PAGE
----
This story was updated at 4:16 p.m. EDT
Sneezes can pack a wallop on Earth, but for an astronaut in a spacesuit they can also make a mess of things, a veteran spacewalker said Tuesday.
Six-time spacewalker Dave Wolf, currently flying on the International Space Station, said astronauts can't stop from sneezing inside their spacesuits, and there's no way to blow your nose.
"That's a valid question because I've done it quite a few times, most recently yesterday," Wolf said, as he answered a video question sent to NASA via YouTube.
The trick, Wolf said, is having good aim, something every spacewalker learns in training. After all, no one wants to sneeze on their spacesuit helmet.
"Aim low, off the windshield, because it can mess up your view and there's no way to clear it," said Wolf, who spent nearly seven hours working outside the station on Monday and will do it again tomorrow. "That's how you do it."
Quizzing astronauts in space
Wolf's treatise on space sneezing was part of a high-tech question-and-answer session by Endeavour shuttle astronauts currently working at the International Space Station. The shuttle launched to the station last week. The questions were submitted well in advance to shuttle commander Mark Polansky and his crew via YouTube and the microblogging Web site Twitter.
Polansky goes by the name @Astro_127 on Twitter as part of an effort to engage the public about Endeavour's 16-day flight to the International Space Station. Questions were sent in from all over the world from schoolchildren, teenagers and adults alike.
"I'll be the first to admit that I didn't know a tweet from a Twitter," Polansky said of his tweeting before flight. "I've learned that there's a whole community out there that loves this stuff."
He is the second astronaut to tweet from space, but others have promised to follow on future flights. Polansky and his crew are working through a marathon flight to deliver an experiment porch and new crew member to the space station.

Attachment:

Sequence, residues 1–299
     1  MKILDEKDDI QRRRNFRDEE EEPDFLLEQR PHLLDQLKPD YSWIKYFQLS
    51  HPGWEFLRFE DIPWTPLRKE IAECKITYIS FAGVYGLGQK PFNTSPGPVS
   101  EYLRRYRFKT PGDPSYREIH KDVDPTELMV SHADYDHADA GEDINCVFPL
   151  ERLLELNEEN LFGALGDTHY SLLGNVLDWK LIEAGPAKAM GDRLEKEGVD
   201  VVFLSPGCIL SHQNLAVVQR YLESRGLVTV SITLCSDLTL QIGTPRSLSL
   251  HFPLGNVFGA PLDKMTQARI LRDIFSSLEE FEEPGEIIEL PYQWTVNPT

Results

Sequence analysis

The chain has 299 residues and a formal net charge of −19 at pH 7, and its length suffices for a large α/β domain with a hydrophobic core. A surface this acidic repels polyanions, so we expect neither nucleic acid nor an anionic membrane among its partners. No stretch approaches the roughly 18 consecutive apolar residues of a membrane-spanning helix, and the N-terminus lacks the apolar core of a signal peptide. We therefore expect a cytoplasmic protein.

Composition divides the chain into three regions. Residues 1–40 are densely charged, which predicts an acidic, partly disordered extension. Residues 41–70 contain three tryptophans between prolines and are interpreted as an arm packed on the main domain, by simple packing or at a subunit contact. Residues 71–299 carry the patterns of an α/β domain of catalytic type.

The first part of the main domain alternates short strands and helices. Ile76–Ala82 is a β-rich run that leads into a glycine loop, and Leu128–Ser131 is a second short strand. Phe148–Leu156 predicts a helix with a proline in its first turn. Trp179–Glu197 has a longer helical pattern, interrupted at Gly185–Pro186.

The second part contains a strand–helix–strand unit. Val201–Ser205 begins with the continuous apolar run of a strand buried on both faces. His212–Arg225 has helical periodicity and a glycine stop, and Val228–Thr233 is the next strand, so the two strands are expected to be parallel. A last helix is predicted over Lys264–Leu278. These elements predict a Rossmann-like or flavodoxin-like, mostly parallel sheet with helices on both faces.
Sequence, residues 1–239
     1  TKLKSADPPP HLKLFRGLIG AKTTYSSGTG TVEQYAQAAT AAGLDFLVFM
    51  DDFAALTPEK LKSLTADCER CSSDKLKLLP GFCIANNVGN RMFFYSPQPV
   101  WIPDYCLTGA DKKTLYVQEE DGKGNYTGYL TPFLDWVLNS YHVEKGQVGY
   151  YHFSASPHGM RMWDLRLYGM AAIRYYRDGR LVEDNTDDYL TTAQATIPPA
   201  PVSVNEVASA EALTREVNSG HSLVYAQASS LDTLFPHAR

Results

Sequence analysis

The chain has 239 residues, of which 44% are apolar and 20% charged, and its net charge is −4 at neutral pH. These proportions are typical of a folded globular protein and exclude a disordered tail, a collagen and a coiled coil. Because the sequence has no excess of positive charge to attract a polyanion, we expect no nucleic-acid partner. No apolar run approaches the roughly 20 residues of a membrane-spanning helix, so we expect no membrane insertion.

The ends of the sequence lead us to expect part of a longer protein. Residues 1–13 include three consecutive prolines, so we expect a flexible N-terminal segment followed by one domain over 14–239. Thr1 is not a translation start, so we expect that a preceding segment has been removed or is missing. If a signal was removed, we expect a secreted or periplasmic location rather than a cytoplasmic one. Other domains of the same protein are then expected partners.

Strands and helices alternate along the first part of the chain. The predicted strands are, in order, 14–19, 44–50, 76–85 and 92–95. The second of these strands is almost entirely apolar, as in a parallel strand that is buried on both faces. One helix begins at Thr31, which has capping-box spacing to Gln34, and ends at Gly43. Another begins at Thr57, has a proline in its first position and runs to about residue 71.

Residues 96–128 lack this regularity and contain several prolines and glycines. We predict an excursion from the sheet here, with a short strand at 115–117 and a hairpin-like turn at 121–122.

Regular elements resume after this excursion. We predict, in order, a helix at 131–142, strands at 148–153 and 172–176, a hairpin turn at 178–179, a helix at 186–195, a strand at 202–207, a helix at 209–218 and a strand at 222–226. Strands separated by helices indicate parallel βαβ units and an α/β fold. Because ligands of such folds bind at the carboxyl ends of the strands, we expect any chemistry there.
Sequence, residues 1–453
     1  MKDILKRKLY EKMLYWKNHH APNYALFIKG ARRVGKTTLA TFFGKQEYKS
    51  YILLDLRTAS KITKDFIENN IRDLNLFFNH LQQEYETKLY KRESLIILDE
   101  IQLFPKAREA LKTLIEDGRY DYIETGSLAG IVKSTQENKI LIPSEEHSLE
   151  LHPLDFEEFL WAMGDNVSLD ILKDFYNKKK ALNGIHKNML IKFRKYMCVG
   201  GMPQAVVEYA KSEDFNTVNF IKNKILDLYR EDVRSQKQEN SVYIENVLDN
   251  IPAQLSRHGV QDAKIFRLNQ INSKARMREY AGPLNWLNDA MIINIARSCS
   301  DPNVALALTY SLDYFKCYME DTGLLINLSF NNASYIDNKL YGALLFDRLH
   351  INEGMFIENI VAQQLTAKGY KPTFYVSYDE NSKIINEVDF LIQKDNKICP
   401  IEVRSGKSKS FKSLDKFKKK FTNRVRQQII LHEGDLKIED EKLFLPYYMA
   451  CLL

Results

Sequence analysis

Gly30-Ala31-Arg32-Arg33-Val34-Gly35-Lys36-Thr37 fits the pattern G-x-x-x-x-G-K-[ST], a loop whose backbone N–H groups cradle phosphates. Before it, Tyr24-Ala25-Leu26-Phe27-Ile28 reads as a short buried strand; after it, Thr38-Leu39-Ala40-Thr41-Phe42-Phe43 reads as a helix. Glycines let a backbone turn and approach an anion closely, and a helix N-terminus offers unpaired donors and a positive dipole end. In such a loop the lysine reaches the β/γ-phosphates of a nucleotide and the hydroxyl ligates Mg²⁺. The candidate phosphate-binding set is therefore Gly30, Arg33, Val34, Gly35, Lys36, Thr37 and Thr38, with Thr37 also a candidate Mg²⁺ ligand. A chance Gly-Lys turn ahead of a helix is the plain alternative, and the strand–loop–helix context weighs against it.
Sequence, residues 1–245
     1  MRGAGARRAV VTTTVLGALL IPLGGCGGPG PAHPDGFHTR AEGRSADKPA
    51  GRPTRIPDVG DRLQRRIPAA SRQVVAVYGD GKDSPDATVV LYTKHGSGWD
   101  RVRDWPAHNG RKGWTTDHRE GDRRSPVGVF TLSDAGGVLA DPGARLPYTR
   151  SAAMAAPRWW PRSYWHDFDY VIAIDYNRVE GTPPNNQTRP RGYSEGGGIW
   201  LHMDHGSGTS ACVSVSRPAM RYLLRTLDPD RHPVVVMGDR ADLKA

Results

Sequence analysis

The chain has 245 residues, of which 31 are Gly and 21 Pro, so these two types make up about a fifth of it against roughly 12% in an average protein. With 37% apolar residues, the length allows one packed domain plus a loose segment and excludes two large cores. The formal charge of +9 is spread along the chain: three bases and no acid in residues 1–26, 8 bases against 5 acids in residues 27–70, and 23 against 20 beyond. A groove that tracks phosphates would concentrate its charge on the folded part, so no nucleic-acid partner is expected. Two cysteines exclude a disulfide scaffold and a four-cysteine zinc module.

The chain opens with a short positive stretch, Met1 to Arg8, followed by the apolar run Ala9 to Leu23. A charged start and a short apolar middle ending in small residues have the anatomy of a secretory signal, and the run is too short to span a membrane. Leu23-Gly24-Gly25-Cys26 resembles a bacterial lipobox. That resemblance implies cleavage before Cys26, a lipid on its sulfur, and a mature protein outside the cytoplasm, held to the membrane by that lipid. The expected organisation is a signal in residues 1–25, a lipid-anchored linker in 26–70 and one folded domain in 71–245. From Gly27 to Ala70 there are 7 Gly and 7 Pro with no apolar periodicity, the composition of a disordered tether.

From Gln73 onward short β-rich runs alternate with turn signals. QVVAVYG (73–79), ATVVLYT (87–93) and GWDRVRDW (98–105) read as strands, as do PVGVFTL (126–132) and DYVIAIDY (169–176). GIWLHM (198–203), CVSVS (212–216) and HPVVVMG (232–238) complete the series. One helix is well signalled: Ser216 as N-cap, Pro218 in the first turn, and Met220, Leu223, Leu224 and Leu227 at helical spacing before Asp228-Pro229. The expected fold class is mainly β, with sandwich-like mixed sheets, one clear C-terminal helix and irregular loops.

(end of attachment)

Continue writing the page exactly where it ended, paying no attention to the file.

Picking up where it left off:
The best job on Earth
During Tuesday's question and answer session, Polansky and Wolf were joined by Canadian astronaut Julie Payette and shuttle pilot Doug Hurley.
Olivia, 15, from Connecticut asked the astronauts if they liked their job and what it was really like to live in space.
"It is great to be an astronaut. It is essentially is the best job on Earth," said Payette, adding that astronauts spend most of their time training and supporting missions from Earth. "When we do get to go, it's extraordinary; it is a real privilege."
Astronauts have to put up with living with a lot of people in a confined space - there are 13 people aboard the station now, the most ever - but floating in weightlessness and the views of Earth more than make up for it, she said.
The astronauts were also asked if they would ever want to take their families along for a ride in space if it was safe to do so.
"We'd be so happy if we could take them with us," said Payette, who has two young sons. "If it was a possibility, we'd really like to have our kids playing in microgravity with us and our friends to share and watch the Earth pass by."
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